Just as new employees want to feel important and part of the team, remote workers may feel isolated outside of an office setting. Scheduling frequent check-ins can create an open dialogue to ensure they feel involved. Weekly onboarding check-ins secure time to get to know your new employee. During this time, you can build rapport with your team by discussing current projects, upcoming tasks, and any other notable items they want to share.

Scheduling regular meetings and increasing communication outside client meetings will cultivate an engaging workplace for remote employees. Messaging apps like Microsoft Teams and Slack enable and encourage team communication and efficiency while promoting a work environment built on collaboration.

Consider monthly and quarterly employee check-ins to maintain workplace wellness and engagement. During these conversations, employees have the opportunity to express questions or concerns. Employees may also use this time to give their managers feedback, fostering transparent communication.

Set Actionable Goals 

Investing in employee capabilities benefits and individual workers will ultimately benefit the company. Remote employees that seek connections within the company want to feel they are on a secure path that leads to growth and advancement in their fields. Discussions about long-term opportunities and skill development can encourage and motivate employees to meet professional and personal goals. Set aside separate meetings to discuss their career goals and set up a plan and timeline on how they can achieve them. During these meetings, be honest and upfront about what skills they are exceeding and where they need to focus on improving. Setting goals to achieve daily, weekly, and monthly will help structure and organize employees’ career paths.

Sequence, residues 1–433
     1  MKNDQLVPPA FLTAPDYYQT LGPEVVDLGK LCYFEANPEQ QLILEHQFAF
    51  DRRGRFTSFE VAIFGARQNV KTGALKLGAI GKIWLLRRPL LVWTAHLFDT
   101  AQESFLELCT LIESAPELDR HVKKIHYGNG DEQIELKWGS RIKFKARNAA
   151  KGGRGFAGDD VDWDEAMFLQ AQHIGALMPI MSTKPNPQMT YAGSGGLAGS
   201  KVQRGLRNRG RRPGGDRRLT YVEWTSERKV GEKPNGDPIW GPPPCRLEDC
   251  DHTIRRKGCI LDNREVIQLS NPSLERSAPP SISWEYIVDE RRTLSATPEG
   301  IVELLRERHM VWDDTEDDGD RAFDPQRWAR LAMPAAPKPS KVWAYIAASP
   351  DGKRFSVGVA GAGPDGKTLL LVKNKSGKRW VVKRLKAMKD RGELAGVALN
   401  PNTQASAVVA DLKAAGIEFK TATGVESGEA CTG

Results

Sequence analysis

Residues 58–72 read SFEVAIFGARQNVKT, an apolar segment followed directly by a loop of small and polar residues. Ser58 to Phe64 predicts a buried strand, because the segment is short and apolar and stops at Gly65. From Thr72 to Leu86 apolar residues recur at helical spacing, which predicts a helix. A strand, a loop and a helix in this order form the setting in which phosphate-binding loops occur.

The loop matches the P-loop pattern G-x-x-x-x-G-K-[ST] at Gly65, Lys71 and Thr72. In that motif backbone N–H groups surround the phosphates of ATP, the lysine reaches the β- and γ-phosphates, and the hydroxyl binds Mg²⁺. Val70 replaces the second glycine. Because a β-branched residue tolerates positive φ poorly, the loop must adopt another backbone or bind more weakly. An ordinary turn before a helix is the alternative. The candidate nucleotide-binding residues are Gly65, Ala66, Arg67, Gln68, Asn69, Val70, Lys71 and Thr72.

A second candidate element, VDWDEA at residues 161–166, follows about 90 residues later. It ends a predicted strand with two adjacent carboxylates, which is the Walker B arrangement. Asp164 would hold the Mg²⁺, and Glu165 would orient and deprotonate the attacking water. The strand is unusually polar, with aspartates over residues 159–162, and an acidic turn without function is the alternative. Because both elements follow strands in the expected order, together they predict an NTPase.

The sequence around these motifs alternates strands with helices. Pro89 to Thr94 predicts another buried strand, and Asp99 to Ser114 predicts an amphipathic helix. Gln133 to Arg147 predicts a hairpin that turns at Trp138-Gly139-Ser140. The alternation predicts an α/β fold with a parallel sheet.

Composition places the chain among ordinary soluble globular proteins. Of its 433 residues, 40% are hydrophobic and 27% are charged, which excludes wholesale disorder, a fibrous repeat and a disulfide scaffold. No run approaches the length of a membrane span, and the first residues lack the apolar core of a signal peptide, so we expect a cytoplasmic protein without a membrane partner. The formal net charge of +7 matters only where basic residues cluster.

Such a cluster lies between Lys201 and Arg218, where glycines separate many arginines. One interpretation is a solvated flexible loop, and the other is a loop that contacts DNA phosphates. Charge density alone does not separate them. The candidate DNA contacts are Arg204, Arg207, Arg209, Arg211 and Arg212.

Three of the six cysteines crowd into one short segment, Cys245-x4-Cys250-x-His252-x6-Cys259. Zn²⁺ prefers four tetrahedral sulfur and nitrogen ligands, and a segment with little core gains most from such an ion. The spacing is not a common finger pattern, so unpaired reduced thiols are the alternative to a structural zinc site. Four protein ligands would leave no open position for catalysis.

Examples that may appear in a career growth plan: 

  • Training sessions to grow or maintain a specific complex skill (such as graphic design or social media marketing)
  • Training sessions to develop a soft skill (such as critical thinking or time management)
  • Internal mentorship programs
  • Obtaining specialized certifications
  • Earning a higher-education degree relevant to your company’s industry
  • Setting aside time each week to research industry trends
  • Representing your company at industry seminars or events

A Healthy Work Environment Reduces Turnover

The remote workforce has changed how employees work, interact, and their daily schedules. By keeping communication lines open and creating a positive work-life balance that provides value to your teams, you’ll create an environment that motivates and encourages employee wellness while minimizing turnover.